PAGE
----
EurekaMag.com logo
+ Site Statistics
References:
48,253,228
Abstracts:
22,798,842
+ Resolve Accession
+ Subscribe to Site Feeds
EurekaMag Most Shared ContentMost Shared
EurekaMag PDF Full Text ContentPDF Full Text
+ PDF Full Text
Request PDF Full TextRequest PDF Full Text
Submit PDF Full TextSubmit PDF Full Text
+ Follow Us
Follow on FacebookFollow on Facebook
Follow on TwitterFollow on Twitter
Follow on Google+Follow on Google+
Follow on LinkedInFollow on LinkedIn

+ Translate

Changes of a wild ecotype of the olive fruit fly during adaptation to lab rearing


, : Changes of a wild ecotype of the olive fruit fly during adaptation to lab rearing. Fruit flies of economic importance Proceedings of the CEC/IOBC International Symposium, Athens, Greece, 16-19 November 1982: 416-422

A laboratory colony of Dacus oleae (Gmel.) initiated from adults that emerged from olives collected in the field in Greece took about 3-4 generations to adapt to laboratory rearing. Less than 50% of females oviposited in the 1st 2 generations, as compared with 80% in the 3rd and 4th generations; the corresponding preoviposition periods averaged 25 and 6-8 days.

(PDF 0-2 workdays service)

Order PDF Full Text

Close
Close

Click here to order any other PDF Full Text


Accession: 001053051

PDF Full Text: Submit


Submit PDF Full Text

No spam - Every submission is manually reviewed

Due to poor quality, we do not accept files from Researchgate

Submitted PDF Full Texts will always be free for everyone
(We only charge for PDFs that we need to acquire)

Select a PDF file:
Close
Close

Other references

Krueger D., 1986: Unusual occurrence of eco p 1 and eco p 15 recognition sites and counterselection of type ii methylation and restriction sequences in bacteriophage t 7 dna. Selected and counterselected oligodeoxynucleotide sequences were identified in the total sequence of bacteriophage T7 DNA using a statistical criterion derived for a probability model of the Markov chain type. All extremely rare tetra- and pentade...

Lal, Shailesh, K.; Hannah, L. Curtis, 2005: Helitrons contribute to the lack of gene colinearity observed in modern maize inbreds. Proceedings of the National Academy of Sciences of the United States of America 102(29): 9993-9994

Tyler, Jw; Schumacher, J., 1992: Problem-oriented diagnostics, statistical inference, and clinical decisions. Compendium on continuing education for the practicing veterinarian 14(7): 1009-1015

Serikawa T.; Iwaki S.; Mori M.; Muraguchi T.; Yamada J., 1989: Purification of a brucella canis cell wall antigen by using immunosorbent columns and use of the antigen in elisa for specific diagnosis of canine brucellosis. A cell wall antigen of Brucella canis was purified by immunosorbent columns. The antigen contained two proteins of 30 and 28 kilodaltons and a polysaccharide exhibiting a 12-kilodalton band upon 12.5% sodium dodecyl sulfate-polyacrylamide gel elec...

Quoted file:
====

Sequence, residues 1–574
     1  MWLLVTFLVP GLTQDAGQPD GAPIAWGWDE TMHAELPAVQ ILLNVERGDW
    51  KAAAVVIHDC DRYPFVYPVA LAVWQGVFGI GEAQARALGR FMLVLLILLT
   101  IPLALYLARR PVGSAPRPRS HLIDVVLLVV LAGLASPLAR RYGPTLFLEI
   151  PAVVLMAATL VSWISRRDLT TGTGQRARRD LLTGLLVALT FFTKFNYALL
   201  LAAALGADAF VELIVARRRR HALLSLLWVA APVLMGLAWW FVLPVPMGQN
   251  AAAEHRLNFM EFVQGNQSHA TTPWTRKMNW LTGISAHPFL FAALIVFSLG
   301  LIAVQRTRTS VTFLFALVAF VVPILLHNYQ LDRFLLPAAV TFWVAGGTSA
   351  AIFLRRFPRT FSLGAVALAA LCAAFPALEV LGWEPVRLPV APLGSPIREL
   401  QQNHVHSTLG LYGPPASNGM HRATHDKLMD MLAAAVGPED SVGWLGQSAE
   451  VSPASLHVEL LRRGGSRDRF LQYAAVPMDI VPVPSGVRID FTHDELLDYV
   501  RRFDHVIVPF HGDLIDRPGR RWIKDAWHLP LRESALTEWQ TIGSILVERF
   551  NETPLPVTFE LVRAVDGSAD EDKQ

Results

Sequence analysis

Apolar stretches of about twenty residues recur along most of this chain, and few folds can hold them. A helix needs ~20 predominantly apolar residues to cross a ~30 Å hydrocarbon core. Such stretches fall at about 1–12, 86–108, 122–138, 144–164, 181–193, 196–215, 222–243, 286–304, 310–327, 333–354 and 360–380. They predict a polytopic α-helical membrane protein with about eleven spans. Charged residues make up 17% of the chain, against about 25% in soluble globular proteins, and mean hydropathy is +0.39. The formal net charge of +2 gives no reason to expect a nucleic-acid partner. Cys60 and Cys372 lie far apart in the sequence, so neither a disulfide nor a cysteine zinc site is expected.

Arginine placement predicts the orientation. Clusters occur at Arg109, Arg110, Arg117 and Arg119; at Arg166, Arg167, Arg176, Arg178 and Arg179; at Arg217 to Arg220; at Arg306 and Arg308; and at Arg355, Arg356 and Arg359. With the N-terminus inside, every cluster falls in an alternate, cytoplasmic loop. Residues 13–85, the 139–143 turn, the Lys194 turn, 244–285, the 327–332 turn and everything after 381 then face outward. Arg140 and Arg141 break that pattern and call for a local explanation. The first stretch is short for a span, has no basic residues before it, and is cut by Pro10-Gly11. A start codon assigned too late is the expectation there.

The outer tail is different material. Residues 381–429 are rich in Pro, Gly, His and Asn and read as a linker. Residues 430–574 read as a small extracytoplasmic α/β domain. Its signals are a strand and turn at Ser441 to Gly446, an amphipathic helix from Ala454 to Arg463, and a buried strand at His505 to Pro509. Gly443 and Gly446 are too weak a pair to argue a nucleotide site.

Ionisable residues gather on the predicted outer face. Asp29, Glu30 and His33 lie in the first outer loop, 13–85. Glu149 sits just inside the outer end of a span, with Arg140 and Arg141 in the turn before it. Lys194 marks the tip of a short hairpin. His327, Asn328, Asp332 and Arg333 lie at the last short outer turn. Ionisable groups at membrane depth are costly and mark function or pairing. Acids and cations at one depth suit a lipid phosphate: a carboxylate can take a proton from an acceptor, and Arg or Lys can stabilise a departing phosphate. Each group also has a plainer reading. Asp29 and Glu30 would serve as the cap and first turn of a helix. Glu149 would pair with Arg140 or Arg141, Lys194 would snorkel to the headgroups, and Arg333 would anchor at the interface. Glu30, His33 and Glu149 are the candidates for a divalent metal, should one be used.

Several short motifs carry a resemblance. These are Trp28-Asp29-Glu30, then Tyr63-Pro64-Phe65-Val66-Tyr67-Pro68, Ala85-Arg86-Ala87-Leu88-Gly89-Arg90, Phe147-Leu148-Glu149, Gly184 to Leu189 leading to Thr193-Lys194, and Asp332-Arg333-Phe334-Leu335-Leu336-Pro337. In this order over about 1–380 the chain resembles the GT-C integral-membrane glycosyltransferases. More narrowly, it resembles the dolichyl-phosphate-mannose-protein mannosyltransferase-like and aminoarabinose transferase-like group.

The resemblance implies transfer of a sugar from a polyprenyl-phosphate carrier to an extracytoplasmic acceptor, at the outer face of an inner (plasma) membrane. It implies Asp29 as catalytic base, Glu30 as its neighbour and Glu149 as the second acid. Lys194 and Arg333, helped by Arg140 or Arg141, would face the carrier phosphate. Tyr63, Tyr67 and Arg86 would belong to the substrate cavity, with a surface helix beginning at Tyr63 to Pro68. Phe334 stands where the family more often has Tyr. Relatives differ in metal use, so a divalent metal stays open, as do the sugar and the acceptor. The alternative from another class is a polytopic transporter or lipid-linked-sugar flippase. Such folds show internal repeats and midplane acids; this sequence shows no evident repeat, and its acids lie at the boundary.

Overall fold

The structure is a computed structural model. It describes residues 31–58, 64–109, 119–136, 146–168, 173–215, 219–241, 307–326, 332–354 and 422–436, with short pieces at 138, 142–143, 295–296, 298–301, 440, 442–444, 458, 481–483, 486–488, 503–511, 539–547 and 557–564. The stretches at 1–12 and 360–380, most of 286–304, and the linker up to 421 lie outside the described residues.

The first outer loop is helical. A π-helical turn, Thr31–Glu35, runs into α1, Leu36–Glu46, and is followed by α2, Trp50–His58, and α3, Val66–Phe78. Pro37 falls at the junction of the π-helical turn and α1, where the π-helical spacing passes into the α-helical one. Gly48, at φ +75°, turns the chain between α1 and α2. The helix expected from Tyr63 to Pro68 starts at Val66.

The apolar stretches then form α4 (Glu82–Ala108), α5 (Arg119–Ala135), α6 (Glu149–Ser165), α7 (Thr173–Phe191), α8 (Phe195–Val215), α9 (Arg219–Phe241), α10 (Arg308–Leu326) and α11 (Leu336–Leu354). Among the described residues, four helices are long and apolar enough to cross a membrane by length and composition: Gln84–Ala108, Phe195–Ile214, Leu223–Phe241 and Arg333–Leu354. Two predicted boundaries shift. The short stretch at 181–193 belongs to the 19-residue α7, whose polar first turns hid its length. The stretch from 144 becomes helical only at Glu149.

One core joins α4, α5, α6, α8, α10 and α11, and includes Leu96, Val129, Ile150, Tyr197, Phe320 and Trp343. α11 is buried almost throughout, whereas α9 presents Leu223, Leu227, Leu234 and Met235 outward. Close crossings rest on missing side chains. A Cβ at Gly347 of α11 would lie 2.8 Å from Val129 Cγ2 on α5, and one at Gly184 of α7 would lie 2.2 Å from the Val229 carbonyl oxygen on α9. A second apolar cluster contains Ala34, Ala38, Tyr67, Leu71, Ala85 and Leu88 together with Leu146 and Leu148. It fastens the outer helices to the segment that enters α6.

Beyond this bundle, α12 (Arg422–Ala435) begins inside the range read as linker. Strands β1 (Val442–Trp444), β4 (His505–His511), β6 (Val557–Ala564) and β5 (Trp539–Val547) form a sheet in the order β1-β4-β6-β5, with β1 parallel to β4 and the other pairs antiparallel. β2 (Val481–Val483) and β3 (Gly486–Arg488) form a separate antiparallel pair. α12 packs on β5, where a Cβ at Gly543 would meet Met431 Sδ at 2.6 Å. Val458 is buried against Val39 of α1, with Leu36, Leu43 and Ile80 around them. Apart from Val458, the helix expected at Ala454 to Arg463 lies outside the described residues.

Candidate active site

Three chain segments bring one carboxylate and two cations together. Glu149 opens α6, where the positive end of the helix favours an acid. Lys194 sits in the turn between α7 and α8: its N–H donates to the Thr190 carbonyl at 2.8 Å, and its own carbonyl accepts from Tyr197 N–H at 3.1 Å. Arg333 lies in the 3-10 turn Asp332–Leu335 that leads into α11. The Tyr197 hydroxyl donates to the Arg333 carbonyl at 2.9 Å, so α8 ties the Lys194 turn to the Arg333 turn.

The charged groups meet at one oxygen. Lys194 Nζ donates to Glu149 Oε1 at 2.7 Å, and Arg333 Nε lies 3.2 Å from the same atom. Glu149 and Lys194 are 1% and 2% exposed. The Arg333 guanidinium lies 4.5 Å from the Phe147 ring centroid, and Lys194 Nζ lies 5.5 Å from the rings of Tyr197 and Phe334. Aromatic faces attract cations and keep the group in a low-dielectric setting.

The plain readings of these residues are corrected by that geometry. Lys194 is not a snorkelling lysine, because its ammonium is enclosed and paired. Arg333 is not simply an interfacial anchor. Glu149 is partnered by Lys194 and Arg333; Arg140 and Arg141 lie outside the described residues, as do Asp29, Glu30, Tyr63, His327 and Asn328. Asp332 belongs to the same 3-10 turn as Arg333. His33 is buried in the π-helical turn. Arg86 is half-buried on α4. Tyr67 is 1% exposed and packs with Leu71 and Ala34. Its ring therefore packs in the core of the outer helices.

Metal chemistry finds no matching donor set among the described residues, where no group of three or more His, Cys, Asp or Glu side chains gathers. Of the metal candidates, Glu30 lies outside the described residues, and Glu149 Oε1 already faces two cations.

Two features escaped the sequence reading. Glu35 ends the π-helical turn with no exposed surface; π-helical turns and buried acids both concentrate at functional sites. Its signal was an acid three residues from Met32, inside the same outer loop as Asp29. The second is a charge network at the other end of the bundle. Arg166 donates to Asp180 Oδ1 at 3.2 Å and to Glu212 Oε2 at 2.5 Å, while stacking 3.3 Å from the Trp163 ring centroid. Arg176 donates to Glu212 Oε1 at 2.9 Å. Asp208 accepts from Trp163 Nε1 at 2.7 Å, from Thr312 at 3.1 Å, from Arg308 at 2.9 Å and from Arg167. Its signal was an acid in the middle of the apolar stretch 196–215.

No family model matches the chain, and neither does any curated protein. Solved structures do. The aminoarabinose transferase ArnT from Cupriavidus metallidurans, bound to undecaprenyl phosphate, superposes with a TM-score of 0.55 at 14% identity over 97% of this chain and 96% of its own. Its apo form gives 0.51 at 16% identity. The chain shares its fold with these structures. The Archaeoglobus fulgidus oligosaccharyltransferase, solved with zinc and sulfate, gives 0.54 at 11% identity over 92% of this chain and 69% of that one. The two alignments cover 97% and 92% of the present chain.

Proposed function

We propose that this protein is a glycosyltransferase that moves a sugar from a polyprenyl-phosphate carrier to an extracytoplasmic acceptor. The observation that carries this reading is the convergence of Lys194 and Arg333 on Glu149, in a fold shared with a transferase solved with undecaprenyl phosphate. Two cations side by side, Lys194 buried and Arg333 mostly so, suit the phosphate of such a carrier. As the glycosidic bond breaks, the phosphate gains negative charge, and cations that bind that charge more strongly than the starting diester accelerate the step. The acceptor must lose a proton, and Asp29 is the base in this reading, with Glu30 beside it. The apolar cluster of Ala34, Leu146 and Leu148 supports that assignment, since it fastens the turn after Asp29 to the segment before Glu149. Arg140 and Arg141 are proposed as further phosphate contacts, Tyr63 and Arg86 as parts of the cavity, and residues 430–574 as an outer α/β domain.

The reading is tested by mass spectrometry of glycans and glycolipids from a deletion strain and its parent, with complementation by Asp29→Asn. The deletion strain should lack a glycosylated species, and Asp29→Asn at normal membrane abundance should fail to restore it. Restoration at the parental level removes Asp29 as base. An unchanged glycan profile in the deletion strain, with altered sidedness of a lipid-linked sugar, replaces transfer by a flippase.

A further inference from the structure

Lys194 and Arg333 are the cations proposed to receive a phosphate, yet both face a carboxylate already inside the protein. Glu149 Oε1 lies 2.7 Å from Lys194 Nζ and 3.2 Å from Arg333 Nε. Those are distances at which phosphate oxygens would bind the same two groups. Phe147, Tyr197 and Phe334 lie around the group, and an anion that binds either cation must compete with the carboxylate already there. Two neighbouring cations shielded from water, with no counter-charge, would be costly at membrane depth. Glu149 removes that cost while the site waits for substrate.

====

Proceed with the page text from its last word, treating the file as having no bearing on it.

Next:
Bendon, B., 1968: Oviduct development and its relation to other aspects of reproduction in domesticated canaries. The histology and development of the oviduct of unpaired female canaries during the natural breeding season were examined. The histology resembles that of the fowl. The tubular glands develop by invagination of the epithelial cells, and albumen gr...

Tashliev, A. O.; Kekilova, A. F., 1964: Nutrition of some birds in the vicinity of Ashkhabad. Ev Akad Nauk Turkm Ssr Ser Biol Nauk 4: 69-74

Miyajima, S.; Kawase, S., 1968: Changes in virus-infectivity titer in the hemolymph and midgut during the course of a cytoplasmic polyhedrosis in the silkworm. Journal of Invertebrate Pathology, 12: 329-334

Singh, S. J.; Sanyal, S. C., 1978: Entero toxicity of the so called nonagglutinating vibrios. A majority of the 75 strains of Vibrio cholerae serotypes other than 1 (the so-called NAG [nonagglutinating] vibrios) isolated from healthy human feces, drinking and surface waters, sewage and feces of domestic animals caused accumulation of fluid...

Luca, Y. de, 1978: Aesthetic abuse of the environment. A discussion in very general terms, covering a wide variety of examples of aesthetic abuse of both town and country.

Eckoff, M., 1994: Basic principles of good communication with all kinds of animals. Humane innovations and alternatives(8): 662-665